In late March, I traveled to Puerto Rico to conduct observations of Venus using the Arecibo Observatory telescope. It was the second time I traveled to the observatory to make radar measurements of the surface of Venus. Even though it was my second time there, the size and capability of the telescope still impressed me.


View of the telescope platform from the window in the control room. The platform spins in order to track Venus as it moves across the sky. Image: Jennifer Whitten

The Arecibo Observatory is used by scientists around the world for studying a variety of topics, from Earth’s ionosphere, to asteroids and planetary bodies, to pulsars and galaxies. Scientists here at the National Air and Space Museum’s Center for Earth and Planetary Studies (CEPS) have recently used Arecibo to study the Moon and Venus. Observations of the Moon take place over the course of a couple of days, but for Venus we usually observe for 10 days. We can observe the Moon for most of the year because it’s always pretty close to Earth. But Venus is closest to Earth (in inferior conjunction) for only a short period of time. During the rest of the year, Venus is too far away from Earth to make the high resolution measurements we need.

This time around, I split the 10-day observation period with another CEPS researcher, Gareth Morgan. Gareth took the first half of the week and I took the second half. Observations of Venus typically last 2.5 hours when Venus is within the field of view of the Arecibo telescope. We are assigned an approximately 4-hour block of time each day to work with the telescope because  we need the extra time to set up the telescope for our observations. We have to plug many different cables into racks in the control room to ensure that the signal we are receiving from Venus is being filtered and amplified properly.


Plugging in the cables to set up the signal processing for our observations of Venus. Image: Jennifer Whitten

In addition to plugging in cables for the signal processing, we also need to send certain commands to the telescope to get it ready to observe Venus. There is a computer station set up in the control room where the observer (that’s me!) can control the telescope. I enter many different computer commands to set up the software to record the data collected from the surface of Venus. Each day I create an empty document labeled with the date for the computer to store the data. Then I send commands to the telescope to get it ready to observe Venus. One computer command ensures that the telescope is ready to transmit the radio waves to Venus, and another tells the telescope where to point in the sky to view Venus as soon as it enters the telescope’s field of view. Once the planet comes into view, we send a command telling the telescope to start transmitting a signal.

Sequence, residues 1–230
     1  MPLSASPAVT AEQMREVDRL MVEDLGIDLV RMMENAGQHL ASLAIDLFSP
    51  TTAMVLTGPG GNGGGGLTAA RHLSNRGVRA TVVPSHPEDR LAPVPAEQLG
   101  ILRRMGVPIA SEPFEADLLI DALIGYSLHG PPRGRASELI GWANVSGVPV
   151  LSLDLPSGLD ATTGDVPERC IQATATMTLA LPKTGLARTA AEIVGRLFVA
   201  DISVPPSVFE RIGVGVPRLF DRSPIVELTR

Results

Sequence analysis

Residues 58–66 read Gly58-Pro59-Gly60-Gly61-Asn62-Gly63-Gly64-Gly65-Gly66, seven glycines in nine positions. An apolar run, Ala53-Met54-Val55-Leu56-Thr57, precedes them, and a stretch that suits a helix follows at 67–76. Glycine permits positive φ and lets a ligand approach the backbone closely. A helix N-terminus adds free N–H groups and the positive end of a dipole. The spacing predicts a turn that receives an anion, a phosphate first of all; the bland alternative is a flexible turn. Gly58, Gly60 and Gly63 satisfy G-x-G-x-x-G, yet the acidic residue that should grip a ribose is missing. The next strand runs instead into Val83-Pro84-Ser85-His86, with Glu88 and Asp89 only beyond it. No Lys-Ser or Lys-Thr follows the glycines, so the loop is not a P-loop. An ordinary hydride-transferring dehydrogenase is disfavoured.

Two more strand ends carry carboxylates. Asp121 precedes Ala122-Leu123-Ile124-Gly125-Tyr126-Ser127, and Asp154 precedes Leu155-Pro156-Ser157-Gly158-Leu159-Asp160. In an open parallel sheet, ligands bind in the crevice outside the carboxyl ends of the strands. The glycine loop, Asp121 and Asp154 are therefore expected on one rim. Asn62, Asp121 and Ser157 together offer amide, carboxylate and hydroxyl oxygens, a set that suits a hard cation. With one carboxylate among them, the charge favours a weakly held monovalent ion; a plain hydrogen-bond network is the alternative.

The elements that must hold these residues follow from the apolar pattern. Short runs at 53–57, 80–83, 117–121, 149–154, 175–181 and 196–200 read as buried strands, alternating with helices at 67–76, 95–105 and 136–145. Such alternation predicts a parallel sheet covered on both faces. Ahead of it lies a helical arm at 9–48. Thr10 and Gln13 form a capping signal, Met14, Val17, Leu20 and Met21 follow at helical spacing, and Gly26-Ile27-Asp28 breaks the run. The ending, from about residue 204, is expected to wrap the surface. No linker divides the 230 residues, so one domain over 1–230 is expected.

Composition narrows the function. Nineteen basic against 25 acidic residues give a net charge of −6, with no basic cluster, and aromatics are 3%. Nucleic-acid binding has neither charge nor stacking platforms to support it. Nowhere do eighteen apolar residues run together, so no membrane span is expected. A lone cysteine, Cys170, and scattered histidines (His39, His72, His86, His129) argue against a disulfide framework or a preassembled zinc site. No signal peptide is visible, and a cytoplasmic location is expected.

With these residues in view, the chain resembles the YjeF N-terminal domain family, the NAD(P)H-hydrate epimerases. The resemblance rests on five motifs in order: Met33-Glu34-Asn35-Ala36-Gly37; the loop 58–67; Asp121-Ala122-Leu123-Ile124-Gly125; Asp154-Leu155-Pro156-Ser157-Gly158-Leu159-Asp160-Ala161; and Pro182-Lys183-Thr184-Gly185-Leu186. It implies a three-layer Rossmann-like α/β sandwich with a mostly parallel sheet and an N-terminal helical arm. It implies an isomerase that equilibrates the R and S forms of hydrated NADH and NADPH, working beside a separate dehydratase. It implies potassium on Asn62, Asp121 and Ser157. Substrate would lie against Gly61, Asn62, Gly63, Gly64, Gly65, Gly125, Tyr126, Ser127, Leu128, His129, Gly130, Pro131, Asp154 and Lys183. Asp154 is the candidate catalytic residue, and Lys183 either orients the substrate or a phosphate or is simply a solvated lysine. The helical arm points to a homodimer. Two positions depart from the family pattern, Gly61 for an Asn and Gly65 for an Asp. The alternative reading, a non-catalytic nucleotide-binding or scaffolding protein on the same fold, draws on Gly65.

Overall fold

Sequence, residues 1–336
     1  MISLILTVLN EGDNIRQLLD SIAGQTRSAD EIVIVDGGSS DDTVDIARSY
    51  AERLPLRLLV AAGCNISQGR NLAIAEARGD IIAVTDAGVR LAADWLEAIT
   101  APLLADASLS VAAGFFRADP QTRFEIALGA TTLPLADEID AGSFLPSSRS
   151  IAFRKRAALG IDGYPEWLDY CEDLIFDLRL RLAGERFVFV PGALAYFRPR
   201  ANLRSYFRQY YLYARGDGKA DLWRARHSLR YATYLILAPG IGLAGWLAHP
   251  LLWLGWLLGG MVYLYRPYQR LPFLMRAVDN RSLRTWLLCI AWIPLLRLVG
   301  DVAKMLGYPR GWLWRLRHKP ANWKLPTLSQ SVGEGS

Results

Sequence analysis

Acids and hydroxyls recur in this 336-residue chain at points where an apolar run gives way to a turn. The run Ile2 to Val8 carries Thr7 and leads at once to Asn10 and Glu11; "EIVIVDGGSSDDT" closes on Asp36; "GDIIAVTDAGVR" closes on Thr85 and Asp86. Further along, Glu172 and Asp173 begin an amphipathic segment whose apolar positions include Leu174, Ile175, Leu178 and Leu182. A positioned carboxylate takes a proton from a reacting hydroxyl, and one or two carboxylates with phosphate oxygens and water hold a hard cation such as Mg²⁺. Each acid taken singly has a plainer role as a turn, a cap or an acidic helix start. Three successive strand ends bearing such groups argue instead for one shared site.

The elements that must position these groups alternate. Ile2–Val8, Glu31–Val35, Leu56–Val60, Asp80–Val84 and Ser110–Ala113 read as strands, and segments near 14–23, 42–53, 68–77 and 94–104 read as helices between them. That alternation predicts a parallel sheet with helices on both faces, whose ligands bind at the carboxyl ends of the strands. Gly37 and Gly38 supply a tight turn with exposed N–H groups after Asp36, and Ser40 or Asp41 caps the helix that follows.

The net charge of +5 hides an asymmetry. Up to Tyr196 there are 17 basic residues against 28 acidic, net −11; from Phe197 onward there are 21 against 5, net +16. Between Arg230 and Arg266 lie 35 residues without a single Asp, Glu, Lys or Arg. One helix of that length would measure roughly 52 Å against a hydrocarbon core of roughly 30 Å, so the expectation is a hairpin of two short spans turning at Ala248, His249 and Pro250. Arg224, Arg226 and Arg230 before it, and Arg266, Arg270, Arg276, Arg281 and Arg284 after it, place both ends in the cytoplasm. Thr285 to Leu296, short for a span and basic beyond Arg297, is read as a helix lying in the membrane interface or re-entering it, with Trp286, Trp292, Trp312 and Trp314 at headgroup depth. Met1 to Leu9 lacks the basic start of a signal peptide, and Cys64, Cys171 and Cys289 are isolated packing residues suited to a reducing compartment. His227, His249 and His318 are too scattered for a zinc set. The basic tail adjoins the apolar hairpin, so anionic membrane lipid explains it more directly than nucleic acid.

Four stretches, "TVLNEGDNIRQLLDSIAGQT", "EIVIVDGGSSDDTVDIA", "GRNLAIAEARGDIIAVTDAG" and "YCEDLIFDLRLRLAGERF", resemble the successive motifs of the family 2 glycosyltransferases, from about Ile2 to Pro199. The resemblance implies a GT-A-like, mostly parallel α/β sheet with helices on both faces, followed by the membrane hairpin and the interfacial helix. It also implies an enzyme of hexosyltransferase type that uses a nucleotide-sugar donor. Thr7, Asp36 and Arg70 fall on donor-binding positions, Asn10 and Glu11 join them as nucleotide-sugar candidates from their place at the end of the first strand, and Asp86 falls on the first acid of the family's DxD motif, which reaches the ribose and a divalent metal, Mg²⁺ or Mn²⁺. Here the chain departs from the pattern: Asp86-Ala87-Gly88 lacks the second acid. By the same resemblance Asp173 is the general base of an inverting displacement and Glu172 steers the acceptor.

The telescope operator waits for me to finish typing in all the computer commands to get the telescope ready so he can start to warm up the transmitter. Image: Jennifer Whitten

I need help running the telescope, so every observation day there was a telescope operator in the control room getting the telescope transmitter ready. The telescope operator is in charge of making sure that the telescope transmitter outputs a steady amount of power throughout the entire 2.5-hour observation period.


This is Israel Cabrera, one of the telescope operators that worked with me this year. He is sitting in front of the transmitter computer monitor, checking many different measurements to ensure that the telescope is running smoothly. Image: Jennifer Whitten

It takes about 5 minutes for the radio wave to travel to Venus, bounce off the surface, and return to the Arecibo telescope dish. Generally, we transmit radio waves to Venus for 5 minutes and then receive for 5 minutes. We can see the returned signal in real time on one of the monitors in the control room.


The yellow line is the returned radio signal from Venus. The height of the peak indicates the strength of the signal bouncing off the planet’s surface (the higher the better) and the squiggles in the yellow line are different surface features on Venus. Image: Jennifer Whitten

We can take this returned signal and turn it into beautiful and scientifically useful data products for analysis. For these data, we are particularly interested in analyzing the lava flows and the impact crater ejecta. By looking at lava flows and impact craters we can start to study the recent volcanic history on Venus. For instance, we still aren’t sure if Venus is volcanically active today! We can use these radar data to study recent volcanic activity and search for evidence of ongoing volcanic activity. The research is ongoing and the data we collected from this trip will be vital to our understanding of the planet.


A 12.6-centimeter wavelength radar image of the southern hemisphere of Venus collected at the Arecibo Observatory in March 2017. This view of Venus shows craters (yellow), corona (blue), and lava flows (red). Image: Smithsonian Institution/NASA GFSC/Arecibo Observatory/NAIC
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